Commissions and expenses show a 4% increase compared to the first six months of 2002. Excluding commissions and net DPAC amortization, actual operating expenses increased USD 107 million. Reflected in the year-to-date 2003 expenses is USD 42 million less in employee pension plan income and USD 27 million related to a coinsurance agreement that was cancelled and USD 12 million higher expenses related to acquired businesses. Excluding these items, expenses were up 3% from first half 2002 and in line with pricing allowables.
Traditional life production (standardized new premium) increased 13% over the first six months of 2002 to USD 404 million. Strong traditional universal and term life sales in our Agency group continue to drive the production. Earnings of USD 344 million were 15% lower than the same period last year and reflect lower investment yields. Indirect yield was USD 25 million lower compared to the first six months of 2002.
Fixed annuity deposits were down 17% compared to the first half of 2002 as a result of reductions in crediting rates and adjustments to commission structures. Surrenders are at historically low levels reflecting the overall decline in interest rates and the continued uncertainty in the financial markets. Earnings of USD 127 million were 12% above comparable prior year. The favorable impact of USD 97 million lower credit losses in 2003 was somewhat offset by the decline in indirect income and lower investment yields. The pricing spread on the total annuity book increased 3 basis points during the second quarter to 163 basis points, despite the drop in yields.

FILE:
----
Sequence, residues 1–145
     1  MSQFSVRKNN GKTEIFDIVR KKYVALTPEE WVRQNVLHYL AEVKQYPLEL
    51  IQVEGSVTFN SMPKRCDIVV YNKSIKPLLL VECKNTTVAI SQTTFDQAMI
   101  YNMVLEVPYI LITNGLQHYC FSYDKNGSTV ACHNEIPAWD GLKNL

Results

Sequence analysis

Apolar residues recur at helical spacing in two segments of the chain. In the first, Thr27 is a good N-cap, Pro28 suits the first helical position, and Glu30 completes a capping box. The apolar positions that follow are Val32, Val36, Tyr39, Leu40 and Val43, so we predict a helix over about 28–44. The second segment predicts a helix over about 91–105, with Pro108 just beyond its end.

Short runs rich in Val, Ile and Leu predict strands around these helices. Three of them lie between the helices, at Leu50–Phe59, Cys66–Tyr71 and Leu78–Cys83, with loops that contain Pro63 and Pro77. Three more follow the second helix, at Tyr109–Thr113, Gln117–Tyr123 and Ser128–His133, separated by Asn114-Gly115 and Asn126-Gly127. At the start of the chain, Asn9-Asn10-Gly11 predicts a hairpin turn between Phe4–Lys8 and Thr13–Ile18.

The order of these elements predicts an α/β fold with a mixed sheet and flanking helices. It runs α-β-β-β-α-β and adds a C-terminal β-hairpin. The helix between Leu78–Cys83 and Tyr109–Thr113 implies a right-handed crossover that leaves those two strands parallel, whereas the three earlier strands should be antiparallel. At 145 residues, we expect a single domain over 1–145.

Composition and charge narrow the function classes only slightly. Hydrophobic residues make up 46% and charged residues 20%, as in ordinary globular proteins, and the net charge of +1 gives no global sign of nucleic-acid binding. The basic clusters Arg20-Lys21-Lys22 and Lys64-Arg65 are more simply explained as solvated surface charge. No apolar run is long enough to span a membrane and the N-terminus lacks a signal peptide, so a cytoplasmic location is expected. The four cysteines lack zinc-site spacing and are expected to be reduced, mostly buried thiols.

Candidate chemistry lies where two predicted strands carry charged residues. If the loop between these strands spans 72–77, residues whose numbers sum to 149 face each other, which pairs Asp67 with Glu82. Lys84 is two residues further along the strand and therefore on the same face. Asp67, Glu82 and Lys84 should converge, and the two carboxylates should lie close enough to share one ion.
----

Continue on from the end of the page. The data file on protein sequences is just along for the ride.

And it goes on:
Variable annuity deposits decreased 1% over the first half of 2002 but declined 46% when compared to first quarter 2003. The decrease from first quarter 2003 is due to the discontinuance of the guaranteed minimum income benefit (GMIB) feature. Earnings of USD 8 million were USD 235 million higher than the first six months of 2002. Results through June 30, 2002 included DPAC unlocking and guarantee reserve strengthening that occurred as a result of the severe decline in the stock market during the second quarter of 2002.
GICs and funding agreement account balances rose 5% to USD 29.3 billion reflecting strong international funding agreement sales. Earnings declined 15% to USD 106 million due to lower indirect yield income (USD 21 million).